Solar tiles are small PV modules designed to resemble regular roofing. When the main barrier to investing in solar is appearance, PV tiles can be the perfect solution. You may also hear them referred to as solar shingles or rackless solar systems, as they don’t have the mounting frames in traditional rooftop installations.
It’s unlikely you can integrate solar tiles into existing roofing, so they’re generally suited to newbuilds or renovations. The roof will be a mix of PV and dummy tiles, which look the same but don’t generate electricity. These cover unfavourable parts of the roof, like north-facing or shaded surfaces, or to scale the size of the PV system to the electricity demand of the property.
The main advantage is aesthetics, which is particularly important in conservation or protected areas. While manufacturers are limited at the moment, they are gaining popularity in America where standard roofs are replaced every 30 years or so (matching the lifetime of PV), making a solar roof more appealing.
Perhaps the most widely recognised brand of solar tiles is Tesla’s Solarglass roof, despite the fact it hasn’t even been released in the UK. We don’t yet know if or when it will be available, but it has seen a limited rollout in the US.
One of the few solar panel tiles already on the market, GB Sol’s PV Slate is manufactured in Wales. It’s designed to integrate with slate roofs where planning permission can be restricted.
Solecco tiles are a good alternative to waiting for Tesla, as they offer attractive black or terracotta roof options. They are due to come to market in 2020.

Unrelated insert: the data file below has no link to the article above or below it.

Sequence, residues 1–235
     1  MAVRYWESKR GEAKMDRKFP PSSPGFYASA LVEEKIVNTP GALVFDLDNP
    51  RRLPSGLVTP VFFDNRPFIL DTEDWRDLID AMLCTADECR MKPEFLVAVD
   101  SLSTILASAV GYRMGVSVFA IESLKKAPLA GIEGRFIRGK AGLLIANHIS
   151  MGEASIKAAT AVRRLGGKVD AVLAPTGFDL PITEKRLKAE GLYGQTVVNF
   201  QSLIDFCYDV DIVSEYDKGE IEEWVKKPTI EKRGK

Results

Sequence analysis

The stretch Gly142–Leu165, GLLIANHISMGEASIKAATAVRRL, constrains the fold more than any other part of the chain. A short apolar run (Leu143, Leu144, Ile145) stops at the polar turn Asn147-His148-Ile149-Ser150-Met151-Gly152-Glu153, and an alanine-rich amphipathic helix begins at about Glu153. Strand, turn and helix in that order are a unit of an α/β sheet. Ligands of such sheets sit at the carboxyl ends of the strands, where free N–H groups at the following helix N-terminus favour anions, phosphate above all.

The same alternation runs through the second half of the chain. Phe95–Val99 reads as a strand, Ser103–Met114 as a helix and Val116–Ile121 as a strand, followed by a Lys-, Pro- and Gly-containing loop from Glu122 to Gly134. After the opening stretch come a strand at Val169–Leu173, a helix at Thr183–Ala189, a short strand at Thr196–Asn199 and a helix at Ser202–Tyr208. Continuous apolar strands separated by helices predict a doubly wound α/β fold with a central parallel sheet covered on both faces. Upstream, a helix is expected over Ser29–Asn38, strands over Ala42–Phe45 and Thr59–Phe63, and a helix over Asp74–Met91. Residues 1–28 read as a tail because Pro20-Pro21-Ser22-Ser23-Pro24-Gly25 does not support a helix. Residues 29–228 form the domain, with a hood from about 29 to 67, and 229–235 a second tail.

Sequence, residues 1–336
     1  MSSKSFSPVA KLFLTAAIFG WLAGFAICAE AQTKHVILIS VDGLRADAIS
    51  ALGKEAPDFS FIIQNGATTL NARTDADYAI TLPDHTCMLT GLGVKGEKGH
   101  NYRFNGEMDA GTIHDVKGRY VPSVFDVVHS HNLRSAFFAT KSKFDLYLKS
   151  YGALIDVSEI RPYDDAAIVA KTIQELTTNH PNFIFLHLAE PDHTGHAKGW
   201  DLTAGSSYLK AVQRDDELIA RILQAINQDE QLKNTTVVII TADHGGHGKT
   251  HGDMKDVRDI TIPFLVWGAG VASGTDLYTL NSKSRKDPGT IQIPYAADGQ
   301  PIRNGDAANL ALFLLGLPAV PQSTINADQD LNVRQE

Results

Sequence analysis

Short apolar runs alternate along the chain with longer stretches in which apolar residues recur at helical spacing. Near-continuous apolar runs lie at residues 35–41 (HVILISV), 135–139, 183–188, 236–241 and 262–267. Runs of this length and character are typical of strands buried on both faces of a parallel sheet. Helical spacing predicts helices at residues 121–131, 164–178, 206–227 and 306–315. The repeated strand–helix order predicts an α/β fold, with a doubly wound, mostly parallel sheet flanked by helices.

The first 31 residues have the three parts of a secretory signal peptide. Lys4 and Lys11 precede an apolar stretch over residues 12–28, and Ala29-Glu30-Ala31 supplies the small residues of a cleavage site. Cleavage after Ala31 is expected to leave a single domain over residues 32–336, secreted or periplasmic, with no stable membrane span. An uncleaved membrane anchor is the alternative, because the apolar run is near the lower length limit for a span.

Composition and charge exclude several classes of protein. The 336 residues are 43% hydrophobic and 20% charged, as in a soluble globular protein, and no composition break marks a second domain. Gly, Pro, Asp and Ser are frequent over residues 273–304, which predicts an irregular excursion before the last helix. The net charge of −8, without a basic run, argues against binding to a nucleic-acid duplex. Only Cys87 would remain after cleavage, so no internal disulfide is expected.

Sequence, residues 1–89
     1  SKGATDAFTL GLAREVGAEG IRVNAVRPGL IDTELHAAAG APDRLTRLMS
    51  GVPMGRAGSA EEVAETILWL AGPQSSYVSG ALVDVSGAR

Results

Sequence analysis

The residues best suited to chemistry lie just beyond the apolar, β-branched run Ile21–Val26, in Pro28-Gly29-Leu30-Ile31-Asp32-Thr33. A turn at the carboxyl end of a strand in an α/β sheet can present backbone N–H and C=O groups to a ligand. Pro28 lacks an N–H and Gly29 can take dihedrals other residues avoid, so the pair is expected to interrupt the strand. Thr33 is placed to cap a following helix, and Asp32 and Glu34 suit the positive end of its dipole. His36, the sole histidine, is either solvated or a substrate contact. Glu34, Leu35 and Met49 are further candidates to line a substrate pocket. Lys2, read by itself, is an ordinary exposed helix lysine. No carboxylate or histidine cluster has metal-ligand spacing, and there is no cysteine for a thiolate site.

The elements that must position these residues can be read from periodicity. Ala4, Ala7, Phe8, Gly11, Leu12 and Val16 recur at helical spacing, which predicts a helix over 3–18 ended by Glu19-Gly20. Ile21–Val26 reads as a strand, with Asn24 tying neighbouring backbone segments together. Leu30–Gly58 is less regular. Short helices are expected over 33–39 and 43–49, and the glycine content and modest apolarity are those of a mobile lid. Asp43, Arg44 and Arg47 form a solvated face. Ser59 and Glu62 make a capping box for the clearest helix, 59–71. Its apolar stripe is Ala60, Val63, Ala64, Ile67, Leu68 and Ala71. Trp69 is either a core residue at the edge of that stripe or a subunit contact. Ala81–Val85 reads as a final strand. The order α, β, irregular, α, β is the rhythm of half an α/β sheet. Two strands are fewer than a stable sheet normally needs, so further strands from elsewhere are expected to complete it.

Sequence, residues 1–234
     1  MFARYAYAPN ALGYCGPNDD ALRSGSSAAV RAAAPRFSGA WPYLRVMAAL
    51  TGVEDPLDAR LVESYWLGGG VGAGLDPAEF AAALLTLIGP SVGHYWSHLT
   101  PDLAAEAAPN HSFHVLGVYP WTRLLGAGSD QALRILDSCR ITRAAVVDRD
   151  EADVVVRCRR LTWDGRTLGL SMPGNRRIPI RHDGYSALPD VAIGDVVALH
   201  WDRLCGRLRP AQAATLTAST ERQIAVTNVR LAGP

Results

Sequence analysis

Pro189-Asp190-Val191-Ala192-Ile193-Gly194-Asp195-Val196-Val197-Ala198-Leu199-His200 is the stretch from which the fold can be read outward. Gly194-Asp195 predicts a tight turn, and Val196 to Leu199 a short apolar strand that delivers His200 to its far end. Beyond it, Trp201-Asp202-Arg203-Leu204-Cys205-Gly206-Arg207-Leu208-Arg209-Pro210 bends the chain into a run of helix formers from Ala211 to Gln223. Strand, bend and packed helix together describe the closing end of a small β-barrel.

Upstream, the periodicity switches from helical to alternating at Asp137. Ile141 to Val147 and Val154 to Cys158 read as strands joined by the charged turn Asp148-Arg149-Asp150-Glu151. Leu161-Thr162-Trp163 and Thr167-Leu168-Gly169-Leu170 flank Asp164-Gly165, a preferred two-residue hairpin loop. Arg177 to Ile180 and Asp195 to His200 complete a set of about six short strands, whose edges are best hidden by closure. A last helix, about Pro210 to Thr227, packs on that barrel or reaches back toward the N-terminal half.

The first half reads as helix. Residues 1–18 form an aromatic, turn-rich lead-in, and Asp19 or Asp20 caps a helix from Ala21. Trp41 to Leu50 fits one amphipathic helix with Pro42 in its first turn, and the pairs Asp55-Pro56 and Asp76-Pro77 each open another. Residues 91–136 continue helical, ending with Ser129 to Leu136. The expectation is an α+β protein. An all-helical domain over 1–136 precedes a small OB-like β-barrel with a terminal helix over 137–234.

There are some downsides to solar panel roof tiles compared to alternatives such as in roof or on roof PV. It’s going to be more expensive - you’re probably looking at about twice the cost. This is due to it being a newer technology, with little competition and longer installation times (about 2 weeks compared to a day or two for traditional panels). Obviously, costs will depend on roof size, access, system size and the proportion of PV vs dummy tiles.
Tiles are unlikely to be as efficient as other options, such as high performance monocrystalline panels which can reach efficiencies up to 25%. Connecting tile rows in a string could also lead to reduced output if part of the roof is shaded, but this could be mitigated by using dummy panels in shaded areas.
Ultimately we’d only recommend solar tiles in a protected area or where aesthetics are crucial, due to the extra cost and efficiency limits. A nice alternative is in-roof solar panels, which sit flush with the tiles and can look very attractive. Learn more in our solar tiles vs solar panels blog.
You can find out more about domestic solar in our free guide, or give us a call on 0118 951 4490 to discuss your project:
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